The first article of the Constitution, which defines the role of the legislative branch of the government, has been studied in this case to determine the role of Congress in the realm of passports. Article I doesn’t mention anything about Congress’s authority over passports. Additionally, Congress nearly always authorizes the State Department to handle passports. The laws that Congress has passed that regulate American travel falls under Congress’s foreign commerce clause power yet, unsurprisingly, many argue that designating Israel, rather than Jerusalem, on a passport doesn’t regulate persons crossing borders, including Harvard Law professor Jack Goldsmith in this article. While Congress certainly has authority to legislate in various foreign policy areas, they must fall within Congress’s jurisdiction, as described in Article I. (That being said, it’s not quite clear that this authority rests with the president either. There is, after all, no precedent for congressional or presidential authority over geography and factual claims thereof)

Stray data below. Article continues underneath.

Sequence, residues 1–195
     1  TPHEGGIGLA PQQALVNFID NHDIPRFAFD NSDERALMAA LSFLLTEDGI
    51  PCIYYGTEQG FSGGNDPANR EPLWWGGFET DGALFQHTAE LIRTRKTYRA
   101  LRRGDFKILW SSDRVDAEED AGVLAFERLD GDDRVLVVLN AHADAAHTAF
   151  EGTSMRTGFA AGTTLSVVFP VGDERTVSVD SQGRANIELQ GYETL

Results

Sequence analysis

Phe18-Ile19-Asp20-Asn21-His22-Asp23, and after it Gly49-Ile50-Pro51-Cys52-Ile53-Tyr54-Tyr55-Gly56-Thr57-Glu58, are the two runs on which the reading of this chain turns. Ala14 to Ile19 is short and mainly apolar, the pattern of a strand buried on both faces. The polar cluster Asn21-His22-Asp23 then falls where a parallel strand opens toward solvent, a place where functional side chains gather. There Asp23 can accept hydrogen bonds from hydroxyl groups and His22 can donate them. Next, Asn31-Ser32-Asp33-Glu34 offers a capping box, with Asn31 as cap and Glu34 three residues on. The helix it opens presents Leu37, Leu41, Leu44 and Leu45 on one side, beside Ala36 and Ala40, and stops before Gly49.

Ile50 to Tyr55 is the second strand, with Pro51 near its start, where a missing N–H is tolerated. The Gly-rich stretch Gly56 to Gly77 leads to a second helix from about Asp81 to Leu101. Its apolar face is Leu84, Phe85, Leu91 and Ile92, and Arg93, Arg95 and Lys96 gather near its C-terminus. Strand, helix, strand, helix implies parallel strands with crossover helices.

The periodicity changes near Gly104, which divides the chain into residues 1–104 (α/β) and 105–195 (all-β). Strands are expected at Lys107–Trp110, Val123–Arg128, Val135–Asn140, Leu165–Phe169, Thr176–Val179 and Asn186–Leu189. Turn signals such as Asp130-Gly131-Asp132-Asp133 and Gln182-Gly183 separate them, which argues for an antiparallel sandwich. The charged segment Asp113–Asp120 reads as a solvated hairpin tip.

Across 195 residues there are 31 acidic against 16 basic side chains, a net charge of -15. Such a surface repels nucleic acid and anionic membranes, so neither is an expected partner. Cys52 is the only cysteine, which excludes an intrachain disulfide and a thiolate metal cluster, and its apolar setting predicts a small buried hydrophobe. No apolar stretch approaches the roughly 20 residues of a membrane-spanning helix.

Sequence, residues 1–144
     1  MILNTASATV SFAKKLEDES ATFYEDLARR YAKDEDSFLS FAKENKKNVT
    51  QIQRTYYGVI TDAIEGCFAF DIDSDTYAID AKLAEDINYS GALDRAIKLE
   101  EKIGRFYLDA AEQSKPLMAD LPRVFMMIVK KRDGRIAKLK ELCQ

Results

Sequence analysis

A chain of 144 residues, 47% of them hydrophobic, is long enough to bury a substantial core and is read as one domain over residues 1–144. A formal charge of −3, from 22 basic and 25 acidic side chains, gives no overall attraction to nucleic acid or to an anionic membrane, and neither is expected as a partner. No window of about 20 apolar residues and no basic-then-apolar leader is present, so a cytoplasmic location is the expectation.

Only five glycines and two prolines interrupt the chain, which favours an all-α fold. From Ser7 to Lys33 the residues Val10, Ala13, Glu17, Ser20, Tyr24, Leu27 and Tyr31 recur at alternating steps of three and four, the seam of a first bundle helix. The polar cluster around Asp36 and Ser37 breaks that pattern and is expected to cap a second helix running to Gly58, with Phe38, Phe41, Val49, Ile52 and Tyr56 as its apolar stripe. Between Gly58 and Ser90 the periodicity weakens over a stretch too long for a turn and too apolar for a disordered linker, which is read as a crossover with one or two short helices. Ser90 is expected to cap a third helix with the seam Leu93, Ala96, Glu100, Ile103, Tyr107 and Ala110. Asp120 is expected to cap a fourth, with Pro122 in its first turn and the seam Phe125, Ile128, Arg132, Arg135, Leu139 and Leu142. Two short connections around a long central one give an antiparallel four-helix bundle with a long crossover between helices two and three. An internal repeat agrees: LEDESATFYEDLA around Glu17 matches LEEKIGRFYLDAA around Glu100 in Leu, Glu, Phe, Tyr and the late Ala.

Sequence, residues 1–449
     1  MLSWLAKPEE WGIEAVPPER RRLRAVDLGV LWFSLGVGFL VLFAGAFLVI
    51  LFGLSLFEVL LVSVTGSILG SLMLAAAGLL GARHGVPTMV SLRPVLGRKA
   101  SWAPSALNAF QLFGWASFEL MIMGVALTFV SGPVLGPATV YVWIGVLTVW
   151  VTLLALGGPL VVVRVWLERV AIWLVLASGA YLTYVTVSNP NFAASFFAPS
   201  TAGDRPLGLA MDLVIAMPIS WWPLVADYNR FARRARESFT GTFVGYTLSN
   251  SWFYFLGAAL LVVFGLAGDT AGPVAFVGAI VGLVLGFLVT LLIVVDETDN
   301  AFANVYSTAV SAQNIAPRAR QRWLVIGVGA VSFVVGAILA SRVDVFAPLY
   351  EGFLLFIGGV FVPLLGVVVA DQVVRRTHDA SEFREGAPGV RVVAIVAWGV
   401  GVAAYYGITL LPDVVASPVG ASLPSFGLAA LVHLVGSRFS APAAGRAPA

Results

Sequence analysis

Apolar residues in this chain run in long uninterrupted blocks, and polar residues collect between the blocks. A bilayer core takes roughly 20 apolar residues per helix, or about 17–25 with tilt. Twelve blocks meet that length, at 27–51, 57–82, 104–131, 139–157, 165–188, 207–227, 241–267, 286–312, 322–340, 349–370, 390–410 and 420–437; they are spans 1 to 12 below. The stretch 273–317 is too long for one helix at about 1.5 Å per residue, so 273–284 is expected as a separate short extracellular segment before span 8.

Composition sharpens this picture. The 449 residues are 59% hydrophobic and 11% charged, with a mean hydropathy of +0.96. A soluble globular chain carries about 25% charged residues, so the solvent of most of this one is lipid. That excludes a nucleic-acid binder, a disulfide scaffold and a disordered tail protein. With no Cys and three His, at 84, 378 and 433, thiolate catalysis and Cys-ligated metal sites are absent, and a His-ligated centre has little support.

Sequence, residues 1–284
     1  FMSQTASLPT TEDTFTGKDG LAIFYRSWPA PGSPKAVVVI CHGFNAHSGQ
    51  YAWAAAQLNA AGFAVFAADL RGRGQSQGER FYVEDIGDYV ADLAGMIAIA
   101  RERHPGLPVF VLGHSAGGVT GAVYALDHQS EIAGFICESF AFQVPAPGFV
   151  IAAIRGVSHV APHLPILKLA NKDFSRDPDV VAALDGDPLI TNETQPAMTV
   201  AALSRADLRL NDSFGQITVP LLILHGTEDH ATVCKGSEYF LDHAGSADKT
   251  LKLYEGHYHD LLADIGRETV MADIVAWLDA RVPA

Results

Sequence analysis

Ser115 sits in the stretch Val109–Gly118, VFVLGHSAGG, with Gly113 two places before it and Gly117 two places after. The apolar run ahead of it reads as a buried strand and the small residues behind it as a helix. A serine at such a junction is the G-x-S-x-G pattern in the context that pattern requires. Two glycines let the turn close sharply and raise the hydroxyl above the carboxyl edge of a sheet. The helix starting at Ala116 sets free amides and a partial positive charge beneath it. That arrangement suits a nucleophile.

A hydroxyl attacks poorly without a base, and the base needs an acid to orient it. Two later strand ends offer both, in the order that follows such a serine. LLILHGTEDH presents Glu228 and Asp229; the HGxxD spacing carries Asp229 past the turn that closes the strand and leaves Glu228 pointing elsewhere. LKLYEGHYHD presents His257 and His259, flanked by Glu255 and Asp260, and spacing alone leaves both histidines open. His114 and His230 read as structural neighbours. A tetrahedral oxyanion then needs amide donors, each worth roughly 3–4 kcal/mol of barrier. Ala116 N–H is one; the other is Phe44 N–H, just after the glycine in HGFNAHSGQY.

Likewise, requiring the State Department to record Israel on passports wouldn’t fall under the necessary and proper clause. Nor does it have anything to do with Congress’s power to “establish a uniform rule of naturalization.” Essentially, according to Goldsmith, this specific instance is highly specific and consequently ineffectual.
Goldsmith argues that, if the Court simply rules against congressional power to create the statute in the first place, it would avoid a contentious and difficult process of defining presidential power via the often vague and confusing Article II. More simply, if Congress’s statute is invalidated, the Court would avoid massively expanding or limiting presidential power at such a fragile time in the Middle East.